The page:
Vaccines and the Risk of Hospitalization for Multiple Sclerosis Flare-Ups.
Source: JAMA Neurol
IMPORTANCE: Scientific literature is sparse about the association of vaccination with the onset of multiple sclerosis (MS) flare-ups. Immunization by vaccines of the entire population is crucially important for public health.
OBJECTIVE: To evaluate the risk of hospitalization for severe MS flare-ups after vaccination in patients with MS.
DESIGN, SETTING, PARTICIPANTS: This cohort study included patients diagnosed with MS between January 1, 2007, and December 31, 2017, who were included in the System of National Health Databases, a national health claims database in France. In a nested case-crossover analysis, cases were defined by vaccine exposure prior to the onset of hospitalization due to an MS flare-up, and flare-up rates were compared with those that occurred prior to vaccine exposure in up to 4 control time windows immediately preceding the at-risk time window (ie, the MS flare-up) for each patient. Data were analyzed from January 2022 to December 2022.
EXPOSURE: Receipt of at least 1 vaccination, including the diphtheria, tetanus, poliomyelitis, pertussis, or Haemophilus influenzae (DTPPHi) vaccine, influenza vaccine, and pneumococcal vaccine, during follow-up.
MAIN OUTCOMES AND MEASURES: The primary outcome was the risk of hospitalization for an MS flare-up after receipt of a vaccine. Adjusted odds ratios (AORs) and 95% CIs were derived using conditional logistic regression to measure the risk of hospitalization for an MS flare-up associated with vaccination.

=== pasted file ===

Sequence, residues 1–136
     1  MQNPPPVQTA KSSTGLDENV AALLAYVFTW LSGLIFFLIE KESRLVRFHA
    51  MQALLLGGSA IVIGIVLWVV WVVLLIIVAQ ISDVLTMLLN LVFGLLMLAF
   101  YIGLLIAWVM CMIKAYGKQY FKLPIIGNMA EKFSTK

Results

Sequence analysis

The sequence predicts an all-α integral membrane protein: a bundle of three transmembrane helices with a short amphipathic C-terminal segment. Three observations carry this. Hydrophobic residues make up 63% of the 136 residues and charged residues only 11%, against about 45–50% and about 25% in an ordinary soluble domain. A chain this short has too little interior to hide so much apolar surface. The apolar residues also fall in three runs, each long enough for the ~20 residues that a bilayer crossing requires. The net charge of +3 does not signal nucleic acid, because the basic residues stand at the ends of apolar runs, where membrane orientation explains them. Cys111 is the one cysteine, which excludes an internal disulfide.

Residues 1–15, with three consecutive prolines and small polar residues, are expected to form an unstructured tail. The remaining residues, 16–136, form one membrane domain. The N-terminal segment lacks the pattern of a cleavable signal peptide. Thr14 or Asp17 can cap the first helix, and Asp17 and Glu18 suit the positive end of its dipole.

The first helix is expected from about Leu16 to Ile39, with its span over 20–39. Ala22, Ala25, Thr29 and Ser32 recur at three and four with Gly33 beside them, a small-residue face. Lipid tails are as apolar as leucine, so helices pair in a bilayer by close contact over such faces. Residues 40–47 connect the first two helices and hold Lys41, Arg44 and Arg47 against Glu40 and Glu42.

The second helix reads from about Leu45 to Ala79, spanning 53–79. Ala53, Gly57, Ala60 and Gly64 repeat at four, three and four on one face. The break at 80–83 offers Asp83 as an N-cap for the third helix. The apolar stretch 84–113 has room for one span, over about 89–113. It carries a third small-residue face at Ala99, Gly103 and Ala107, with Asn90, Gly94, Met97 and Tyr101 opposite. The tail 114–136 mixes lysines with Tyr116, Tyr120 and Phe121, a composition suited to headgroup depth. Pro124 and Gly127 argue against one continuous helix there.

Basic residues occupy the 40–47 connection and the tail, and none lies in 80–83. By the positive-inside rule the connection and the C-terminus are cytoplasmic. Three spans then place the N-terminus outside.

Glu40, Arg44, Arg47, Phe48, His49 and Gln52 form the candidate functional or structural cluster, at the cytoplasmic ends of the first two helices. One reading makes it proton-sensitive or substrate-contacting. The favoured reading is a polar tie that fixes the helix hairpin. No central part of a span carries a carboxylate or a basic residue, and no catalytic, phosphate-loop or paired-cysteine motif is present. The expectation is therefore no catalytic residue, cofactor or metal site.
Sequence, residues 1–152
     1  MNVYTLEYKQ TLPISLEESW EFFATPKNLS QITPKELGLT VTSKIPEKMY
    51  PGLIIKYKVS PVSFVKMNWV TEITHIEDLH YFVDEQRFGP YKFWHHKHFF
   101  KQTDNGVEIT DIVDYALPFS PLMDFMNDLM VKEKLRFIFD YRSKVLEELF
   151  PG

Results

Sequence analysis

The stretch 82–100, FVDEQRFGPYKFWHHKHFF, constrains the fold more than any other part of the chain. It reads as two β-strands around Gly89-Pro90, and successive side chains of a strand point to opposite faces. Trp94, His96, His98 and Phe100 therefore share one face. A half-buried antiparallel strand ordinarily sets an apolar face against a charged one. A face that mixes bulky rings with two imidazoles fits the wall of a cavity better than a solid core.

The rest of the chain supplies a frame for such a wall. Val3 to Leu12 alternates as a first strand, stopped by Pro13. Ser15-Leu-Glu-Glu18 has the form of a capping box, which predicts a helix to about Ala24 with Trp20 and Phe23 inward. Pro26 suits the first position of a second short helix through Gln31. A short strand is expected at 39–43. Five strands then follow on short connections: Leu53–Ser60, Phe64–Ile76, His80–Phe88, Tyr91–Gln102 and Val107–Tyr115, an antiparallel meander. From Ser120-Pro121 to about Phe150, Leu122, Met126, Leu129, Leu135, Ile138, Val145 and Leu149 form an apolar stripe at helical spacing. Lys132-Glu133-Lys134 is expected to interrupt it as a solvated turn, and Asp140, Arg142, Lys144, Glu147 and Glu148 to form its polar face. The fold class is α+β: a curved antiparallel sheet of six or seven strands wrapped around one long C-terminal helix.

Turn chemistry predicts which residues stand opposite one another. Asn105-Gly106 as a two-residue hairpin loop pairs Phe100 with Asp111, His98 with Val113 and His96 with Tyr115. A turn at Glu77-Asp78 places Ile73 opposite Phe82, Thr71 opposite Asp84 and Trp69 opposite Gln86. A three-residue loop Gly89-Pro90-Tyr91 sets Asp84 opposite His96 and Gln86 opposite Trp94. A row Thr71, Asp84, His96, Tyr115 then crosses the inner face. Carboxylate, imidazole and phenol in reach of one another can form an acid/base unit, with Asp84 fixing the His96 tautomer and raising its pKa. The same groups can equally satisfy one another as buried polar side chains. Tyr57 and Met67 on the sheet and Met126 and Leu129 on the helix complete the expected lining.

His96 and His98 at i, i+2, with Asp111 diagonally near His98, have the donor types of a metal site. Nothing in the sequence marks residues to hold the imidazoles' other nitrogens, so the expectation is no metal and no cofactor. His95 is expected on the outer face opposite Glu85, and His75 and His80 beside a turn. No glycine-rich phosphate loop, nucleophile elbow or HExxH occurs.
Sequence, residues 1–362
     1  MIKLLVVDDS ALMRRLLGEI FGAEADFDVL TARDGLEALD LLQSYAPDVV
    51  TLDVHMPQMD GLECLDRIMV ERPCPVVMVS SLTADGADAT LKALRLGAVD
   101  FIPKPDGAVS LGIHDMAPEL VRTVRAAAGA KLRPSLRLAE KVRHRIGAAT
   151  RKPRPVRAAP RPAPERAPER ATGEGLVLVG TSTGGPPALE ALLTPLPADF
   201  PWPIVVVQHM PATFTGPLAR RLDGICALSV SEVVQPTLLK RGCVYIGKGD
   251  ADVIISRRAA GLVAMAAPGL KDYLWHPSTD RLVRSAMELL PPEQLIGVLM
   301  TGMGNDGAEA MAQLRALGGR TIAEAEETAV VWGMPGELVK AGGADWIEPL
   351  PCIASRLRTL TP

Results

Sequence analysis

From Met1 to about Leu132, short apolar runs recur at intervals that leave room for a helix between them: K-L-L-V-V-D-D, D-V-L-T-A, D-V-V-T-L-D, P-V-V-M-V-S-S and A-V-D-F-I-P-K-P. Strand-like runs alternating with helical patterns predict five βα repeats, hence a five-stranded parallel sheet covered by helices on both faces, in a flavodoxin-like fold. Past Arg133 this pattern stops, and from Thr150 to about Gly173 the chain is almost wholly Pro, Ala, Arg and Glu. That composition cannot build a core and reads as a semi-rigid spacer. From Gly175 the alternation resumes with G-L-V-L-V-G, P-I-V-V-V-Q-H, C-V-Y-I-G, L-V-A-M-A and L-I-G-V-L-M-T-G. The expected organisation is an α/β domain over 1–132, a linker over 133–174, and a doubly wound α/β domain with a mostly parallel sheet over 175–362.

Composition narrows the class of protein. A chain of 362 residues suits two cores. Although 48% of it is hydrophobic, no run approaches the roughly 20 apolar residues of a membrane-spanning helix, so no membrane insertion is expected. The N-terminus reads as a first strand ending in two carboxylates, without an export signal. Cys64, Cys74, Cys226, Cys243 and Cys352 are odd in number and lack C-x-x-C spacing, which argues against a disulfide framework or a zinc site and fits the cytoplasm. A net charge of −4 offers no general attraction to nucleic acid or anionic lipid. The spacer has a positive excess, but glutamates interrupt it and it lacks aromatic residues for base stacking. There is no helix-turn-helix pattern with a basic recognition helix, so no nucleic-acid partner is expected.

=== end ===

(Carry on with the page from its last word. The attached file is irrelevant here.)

RESULTS: A total of 106 523 patients constituted the MS cohort (mean [SD] age, 43.9 [13.8] years; 76 471 females [71.8%]; 33 864 patients [31.8%] had incident MS and 72 659 patients [68.2%] had prevalent MS) and were followed up for a mean (SD) of 8.8 (3.1) years. Of these patients, 35 265 (33.1%) were hospitalized for MS flare-ups during the follow-up period for a total of 54 036 MS-related hospitalizations. The AORs of hospitalization for an MS flare-up and vaccine exposure in the 60 days prior to the flare-up were 1.00 (95% CI, 0.92-1.09) for all vaccines, 0.95 (95% CI, 0.82-1.11) for the DTPPHi, 0.98 (95% CI, 0.88-1.09) for the influenza vaccine, and 1.20 (95% CI, 0.94-1.55) for the pneumococcal vaccine.
CONCLUSIONS AND RELEVANCE: A nationwide study of the French population found no association between vaccination and the risk of hospitalization due to MS flare-ups. However, considering the number of vaccine subtypes available, further studies are needed to confirm these results.